What is coral bleaching?

What is happening to corals in the Great Barrier Reef? This infographic explains the process of coral bleaching.

Still curious? Read more: Climate change and coral bleaching

Imagine you’ve gone snorkelling in the Great Barrier Reef. Instead of the famously coloured corals, you see a drab sea floor dominated by algae and seaweed. What happened to the corals?

Corals are colonial creatures. They’re made of hundreds of animals called polyps. Sharing the polyps’ home are tiny algae called zooxanthellae (zo-zan-thell-eye). The zooxanthellae, and the compounds made by coral polyps to protect them, are what make corals so colourful.

Coral is made of polyps, which are home to zooxanthellae (lots and lots of them!)

The zooxanthellae make energy from sunlight. Most of this energy is given to the coral polyps. So, the polyps provide shelter, and the zooxanthellae provide energy.  It’s a win-win relationship. Everyone’s happy.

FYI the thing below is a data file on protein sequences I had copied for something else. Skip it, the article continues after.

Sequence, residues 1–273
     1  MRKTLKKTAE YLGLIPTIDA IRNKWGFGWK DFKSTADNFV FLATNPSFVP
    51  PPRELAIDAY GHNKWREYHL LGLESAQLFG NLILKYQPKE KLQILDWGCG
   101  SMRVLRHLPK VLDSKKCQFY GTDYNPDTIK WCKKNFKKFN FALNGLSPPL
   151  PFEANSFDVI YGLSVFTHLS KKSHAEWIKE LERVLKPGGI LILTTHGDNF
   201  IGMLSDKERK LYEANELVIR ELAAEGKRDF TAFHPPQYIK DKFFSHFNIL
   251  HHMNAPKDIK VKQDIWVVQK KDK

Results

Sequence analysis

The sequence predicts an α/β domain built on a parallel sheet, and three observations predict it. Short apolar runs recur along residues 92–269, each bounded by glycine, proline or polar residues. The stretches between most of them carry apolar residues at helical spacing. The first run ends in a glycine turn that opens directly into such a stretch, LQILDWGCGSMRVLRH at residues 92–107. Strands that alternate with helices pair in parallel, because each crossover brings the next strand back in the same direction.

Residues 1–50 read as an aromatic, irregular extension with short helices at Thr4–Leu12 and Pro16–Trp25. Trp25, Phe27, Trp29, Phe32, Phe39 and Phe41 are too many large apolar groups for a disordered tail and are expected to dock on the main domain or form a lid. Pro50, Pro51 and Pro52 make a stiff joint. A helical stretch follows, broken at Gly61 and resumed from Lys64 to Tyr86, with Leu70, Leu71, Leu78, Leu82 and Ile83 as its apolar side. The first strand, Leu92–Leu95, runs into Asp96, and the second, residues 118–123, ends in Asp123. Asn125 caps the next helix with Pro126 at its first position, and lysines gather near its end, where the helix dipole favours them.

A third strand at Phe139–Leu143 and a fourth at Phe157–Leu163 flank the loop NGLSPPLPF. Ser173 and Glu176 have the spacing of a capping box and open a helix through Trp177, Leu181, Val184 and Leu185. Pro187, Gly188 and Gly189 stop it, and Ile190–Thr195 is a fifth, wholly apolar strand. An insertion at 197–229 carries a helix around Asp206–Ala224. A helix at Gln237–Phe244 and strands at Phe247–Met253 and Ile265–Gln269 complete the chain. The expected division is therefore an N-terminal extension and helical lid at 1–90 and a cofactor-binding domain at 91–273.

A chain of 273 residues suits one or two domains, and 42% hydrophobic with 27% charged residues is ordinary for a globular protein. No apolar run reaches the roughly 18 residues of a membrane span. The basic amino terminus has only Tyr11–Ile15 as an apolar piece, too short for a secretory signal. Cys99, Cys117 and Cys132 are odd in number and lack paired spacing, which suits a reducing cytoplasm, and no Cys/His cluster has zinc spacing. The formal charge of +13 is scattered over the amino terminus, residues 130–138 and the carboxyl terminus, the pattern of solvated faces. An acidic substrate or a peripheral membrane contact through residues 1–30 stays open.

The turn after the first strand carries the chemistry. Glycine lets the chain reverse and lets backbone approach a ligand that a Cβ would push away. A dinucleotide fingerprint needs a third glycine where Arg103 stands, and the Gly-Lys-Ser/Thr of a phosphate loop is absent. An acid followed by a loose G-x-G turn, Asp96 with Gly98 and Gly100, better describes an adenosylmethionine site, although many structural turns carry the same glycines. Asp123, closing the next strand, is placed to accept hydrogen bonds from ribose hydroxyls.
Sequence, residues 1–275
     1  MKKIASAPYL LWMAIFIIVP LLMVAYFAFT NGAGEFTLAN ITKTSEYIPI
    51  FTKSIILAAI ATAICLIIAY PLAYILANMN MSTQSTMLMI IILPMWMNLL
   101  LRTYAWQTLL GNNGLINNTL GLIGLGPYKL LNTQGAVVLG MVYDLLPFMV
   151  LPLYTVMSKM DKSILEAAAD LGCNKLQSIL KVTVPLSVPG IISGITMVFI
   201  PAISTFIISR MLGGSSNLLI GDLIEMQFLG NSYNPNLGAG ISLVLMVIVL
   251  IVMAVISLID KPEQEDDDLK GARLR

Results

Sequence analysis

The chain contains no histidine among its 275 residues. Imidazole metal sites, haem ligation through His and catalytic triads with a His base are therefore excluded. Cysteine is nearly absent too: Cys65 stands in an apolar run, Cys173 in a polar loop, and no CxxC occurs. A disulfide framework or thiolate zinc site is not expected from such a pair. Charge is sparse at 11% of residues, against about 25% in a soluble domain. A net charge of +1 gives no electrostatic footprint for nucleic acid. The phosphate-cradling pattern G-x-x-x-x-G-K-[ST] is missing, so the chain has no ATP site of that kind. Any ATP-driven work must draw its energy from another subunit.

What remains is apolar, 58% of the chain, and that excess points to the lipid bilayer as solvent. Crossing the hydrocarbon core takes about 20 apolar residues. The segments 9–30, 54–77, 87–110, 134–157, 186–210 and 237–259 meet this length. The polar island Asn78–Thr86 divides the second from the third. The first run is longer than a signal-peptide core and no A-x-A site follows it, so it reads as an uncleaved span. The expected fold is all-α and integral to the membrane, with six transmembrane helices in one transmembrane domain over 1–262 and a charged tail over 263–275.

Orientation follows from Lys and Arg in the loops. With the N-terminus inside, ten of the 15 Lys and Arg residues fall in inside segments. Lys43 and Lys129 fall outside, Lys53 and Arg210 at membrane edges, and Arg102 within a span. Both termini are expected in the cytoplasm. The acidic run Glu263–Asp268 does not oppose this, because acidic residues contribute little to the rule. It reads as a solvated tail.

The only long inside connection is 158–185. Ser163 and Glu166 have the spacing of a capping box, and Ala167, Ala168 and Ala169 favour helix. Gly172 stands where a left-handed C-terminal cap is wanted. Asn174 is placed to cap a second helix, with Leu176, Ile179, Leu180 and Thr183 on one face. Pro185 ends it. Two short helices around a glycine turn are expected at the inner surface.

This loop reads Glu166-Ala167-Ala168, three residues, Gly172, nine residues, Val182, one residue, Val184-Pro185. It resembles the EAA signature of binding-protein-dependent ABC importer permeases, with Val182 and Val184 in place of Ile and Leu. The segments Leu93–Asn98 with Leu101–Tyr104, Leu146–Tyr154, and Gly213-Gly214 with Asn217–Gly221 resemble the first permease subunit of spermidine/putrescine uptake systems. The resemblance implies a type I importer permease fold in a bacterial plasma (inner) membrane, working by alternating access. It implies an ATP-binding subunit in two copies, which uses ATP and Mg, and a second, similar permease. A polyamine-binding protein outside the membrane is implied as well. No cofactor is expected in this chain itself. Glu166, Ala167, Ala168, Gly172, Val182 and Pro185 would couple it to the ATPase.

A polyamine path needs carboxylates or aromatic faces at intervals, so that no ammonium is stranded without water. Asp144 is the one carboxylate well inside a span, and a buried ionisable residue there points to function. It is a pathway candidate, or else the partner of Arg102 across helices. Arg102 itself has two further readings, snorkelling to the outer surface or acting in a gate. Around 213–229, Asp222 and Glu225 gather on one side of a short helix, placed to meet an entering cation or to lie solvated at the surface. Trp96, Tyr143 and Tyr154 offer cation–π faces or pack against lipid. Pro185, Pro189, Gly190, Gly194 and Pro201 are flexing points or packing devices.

Sunlight + zooxanthellae → energy for the coral polyps

Corals and zooxanthellae are fussy about water temperature. If it stays too warm for a while, the zooxanthellae become stressed. They can’t convert the sunlight to energy efficiently anymore. The extra energy turns into chemicals that are toxic to the coral, and the zooxanthellae get kicked out.

Increased heat → stressed zooxanthellae → inefficient energy → toxic chemicals (then the zooxanthellae get kicked out by the polyps)

If this goes on for long enough, all the zooxanthellae will be gone, and the coral turns white. It is bleached. Corals can recover from bleaching, but if the zooxanthellae are gone for too long, the coral starves and the reef turns into a wasteland.

Colourful coral → bleached coral

As the world’s oceans become warmer, coral bleaching might occur more frequently on the Great Barrier Reef and coral reefs the world over.

Learn more at nova.org.au/coral-bleaching